Make Your Content Marketing Work

Content marketing has become the great new buzzword among marketing executives. A combination of blog posts, online articles, video, interactive forums, Twitter feeds, Facebook pages, and other types of communications is supposed to engage customers.

But there’s a danger of hype as self-proclaimed experts proliferate as fast as they did for social media and make the same broad promises for what the practice will do for your company. It’s easy to get caught up in the hype. Those with an MBA are unlikely to have studied the topic in a class and relatively few managers come from the publishing industry and have experience in dealing with content. So here are some tips on making content marketing work for your company.

Set expectations correctly There is no quick and easy solution to marketing problems. Content can be extremely helpful, but it will take experimentation to find what works for your customers and prospects and to locate people who can produce it. You’ll also need enough analytic capability and tools to see how the introduction of content marketing to your mix influences your results.

Build the budget Content marketing is not cheap. Pay $5 for an article or blog post and you’re likely to get something that in unimpressive to readers and that potentially will draw the automated ire of Google’s search engine. Whether you hire an employee, agency, or freelance writer, not everyone will be able to produce what you need, with the right voice and a command of the subject matter.

Write about your customers, not you A big mistake a company can make is to write about its own brands, products, and services. It’s an understandable inclination because you want to close sales. However, this is a backwards approach. You effectively become a sales agent unwilling to listen to what the customer wants. Better to focus on what the customers need, as AdAge points out:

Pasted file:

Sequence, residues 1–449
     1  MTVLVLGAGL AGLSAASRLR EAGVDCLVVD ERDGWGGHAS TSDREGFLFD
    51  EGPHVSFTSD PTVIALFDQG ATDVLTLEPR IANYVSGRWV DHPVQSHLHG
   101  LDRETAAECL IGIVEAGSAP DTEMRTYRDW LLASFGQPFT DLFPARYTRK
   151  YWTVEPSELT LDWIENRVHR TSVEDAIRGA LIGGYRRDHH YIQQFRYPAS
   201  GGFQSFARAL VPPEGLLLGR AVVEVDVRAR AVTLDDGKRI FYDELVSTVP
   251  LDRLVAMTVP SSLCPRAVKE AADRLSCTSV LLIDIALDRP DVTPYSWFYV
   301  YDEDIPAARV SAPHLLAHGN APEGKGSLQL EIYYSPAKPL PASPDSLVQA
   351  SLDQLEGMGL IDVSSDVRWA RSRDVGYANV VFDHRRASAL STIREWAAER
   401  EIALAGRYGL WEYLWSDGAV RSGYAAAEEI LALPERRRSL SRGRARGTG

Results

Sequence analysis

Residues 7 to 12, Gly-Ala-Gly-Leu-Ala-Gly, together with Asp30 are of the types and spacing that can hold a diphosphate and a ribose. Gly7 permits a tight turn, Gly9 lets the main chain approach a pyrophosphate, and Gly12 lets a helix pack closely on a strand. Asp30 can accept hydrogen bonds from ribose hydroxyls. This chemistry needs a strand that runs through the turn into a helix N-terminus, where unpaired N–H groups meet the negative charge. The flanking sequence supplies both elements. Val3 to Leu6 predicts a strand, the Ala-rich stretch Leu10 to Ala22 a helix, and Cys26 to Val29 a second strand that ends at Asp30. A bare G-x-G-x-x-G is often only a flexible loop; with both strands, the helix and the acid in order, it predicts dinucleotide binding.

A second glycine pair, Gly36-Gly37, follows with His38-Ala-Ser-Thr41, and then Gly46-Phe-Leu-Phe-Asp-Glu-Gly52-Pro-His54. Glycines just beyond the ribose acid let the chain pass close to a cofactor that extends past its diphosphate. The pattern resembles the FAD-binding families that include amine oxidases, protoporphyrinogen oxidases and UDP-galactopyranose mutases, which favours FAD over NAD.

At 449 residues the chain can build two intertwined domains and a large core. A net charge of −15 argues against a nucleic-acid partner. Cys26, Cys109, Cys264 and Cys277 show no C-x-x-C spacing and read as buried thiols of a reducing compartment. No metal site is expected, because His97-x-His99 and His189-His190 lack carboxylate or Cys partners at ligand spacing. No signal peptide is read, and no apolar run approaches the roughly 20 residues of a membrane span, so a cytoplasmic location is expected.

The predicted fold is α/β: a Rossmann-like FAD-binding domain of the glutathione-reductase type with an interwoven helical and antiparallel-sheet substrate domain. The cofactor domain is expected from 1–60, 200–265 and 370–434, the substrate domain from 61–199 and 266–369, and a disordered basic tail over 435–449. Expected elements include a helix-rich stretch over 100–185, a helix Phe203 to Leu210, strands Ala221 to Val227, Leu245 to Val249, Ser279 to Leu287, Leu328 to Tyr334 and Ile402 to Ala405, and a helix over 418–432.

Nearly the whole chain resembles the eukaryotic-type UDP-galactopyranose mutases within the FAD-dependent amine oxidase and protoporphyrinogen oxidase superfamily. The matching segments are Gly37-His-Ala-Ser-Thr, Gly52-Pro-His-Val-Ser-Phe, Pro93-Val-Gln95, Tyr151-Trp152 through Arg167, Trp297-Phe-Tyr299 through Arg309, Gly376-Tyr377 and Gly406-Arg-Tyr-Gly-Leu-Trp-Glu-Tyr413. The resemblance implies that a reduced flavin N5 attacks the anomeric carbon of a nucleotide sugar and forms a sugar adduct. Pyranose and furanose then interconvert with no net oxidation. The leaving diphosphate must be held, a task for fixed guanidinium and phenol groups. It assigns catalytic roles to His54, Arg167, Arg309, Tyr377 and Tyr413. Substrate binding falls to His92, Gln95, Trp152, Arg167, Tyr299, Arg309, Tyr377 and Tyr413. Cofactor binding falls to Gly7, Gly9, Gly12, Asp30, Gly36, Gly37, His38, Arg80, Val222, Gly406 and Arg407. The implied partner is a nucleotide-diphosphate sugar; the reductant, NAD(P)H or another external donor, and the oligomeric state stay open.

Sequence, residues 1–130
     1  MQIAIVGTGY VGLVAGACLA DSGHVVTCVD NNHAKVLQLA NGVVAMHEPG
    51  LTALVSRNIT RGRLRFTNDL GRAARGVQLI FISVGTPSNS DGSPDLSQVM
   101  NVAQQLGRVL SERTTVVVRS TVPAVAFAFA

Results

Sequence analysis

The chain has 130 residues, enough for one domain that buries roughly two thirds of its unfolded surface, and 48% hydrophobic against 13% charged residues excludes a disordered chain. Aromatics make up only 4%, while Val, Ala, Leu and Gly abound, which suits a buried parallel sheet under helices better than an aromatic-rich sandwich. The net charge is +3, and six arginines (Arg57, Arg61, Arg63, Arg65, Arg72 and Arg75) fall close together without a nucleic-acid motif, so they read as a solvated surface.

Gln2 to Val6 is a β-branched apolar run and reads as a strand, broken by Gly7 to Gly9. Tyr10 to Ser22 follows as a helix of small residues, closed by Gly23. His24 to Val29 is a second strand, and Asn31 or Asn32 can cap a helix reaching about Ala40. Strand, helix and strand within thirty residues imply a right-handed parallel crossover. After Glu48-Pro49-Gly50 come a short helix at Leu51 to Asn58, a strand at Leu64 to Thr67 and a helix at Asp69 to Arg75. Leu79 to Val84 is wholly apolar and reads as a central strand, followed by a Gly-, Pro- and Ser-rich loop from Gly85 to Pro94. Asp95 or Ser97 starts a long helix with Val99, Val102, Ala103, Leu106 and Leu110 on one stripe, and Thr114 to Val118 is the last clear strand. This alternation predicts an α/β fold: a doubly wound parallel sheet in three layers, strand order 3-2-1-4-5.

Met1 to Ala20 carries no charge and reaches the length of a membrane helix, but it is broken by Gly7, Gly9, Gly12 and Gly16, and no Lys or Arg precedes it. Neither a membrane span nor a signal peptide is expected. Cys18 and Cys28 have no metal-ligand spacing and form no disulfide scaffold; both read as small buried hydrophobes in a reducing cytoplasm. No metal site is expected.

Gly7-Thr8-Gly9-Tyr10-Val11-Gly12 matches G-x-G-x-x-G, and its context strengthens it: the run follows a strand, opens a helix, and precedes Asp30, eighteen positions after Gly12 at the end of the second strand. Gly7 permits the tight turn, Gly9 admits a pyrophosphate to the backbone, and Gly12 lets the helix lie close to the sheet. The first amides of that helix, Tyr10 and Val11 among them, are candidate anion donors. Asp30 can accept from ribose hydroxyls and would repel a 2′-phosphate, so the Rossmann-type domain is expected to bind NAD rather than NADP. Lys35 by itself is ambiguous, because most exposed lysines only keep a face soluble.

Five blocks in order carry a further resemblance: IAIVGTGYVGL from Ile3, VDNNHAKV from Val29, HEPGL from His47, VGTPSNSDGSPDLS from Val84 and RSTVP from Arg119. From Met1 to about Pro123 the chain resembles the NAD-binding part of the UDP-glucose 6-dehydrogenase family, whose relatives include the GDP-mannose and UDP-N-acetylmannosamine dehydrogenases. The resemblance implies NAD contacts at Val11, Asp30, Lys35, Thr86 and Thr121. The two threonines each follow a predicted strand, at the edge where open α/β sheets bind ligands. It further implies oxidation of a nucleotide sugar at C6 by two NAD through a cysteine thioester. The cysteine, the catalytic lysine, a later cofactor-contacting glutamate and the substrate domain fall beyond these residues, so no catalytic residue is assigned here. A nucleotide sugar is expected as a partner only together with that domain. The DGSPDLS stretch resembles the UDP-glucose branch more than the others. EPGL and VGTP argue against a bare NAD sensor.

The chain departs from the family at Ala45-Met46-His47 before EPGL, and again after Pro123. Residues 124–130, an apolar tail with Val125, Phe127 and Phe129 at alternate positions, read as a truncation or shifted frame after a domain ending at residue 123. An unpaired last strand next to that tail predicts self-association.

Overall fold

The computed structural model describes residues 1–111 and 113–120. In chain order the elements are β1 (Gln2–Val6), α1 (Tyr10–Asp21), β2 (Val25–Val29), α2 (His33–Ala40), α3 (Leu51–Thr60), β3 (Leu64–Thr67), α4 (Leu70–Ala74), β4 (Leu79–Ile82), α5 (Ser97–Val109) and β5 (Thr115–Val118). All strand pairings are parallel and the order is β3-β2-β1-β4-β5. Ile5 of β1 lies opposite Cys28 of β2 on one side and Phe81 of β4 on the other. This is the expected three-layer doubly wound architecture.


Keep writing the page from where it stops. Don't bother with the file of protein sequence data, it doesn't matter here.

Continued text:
Toby Murdock, CEO of Kapost, a startup that supplies a publishing platform for brands including Nokia and Verizon Communications, calls it the shift to “real content marketing.” It’s “a transformation in which brands truly become publishers,” Mr. Murdock said. “They produce substantial volumes of content — a minimum of five pieces a week — that are not about their own products but about the interests of their customers. Only such substantial operations can produce real results.”

Keep up the effort That last quote suggests one more important point: endurance. Writing a few pieces and repositioning them on blogs, Facebook, Tumblr, and who knows where else will cause Google to hurt your efforts. Also, If there are only occasional pieces, then you’ve lost the chance to convince people to return. Why come back if there’s nothing new to see? Create a body of work over time that gives customers a reason to pay attention. Content marketing is a marvelous tool that can help companies reach their best audiences. Just plan on investing the time, people, and other resources to give it a chance to work.

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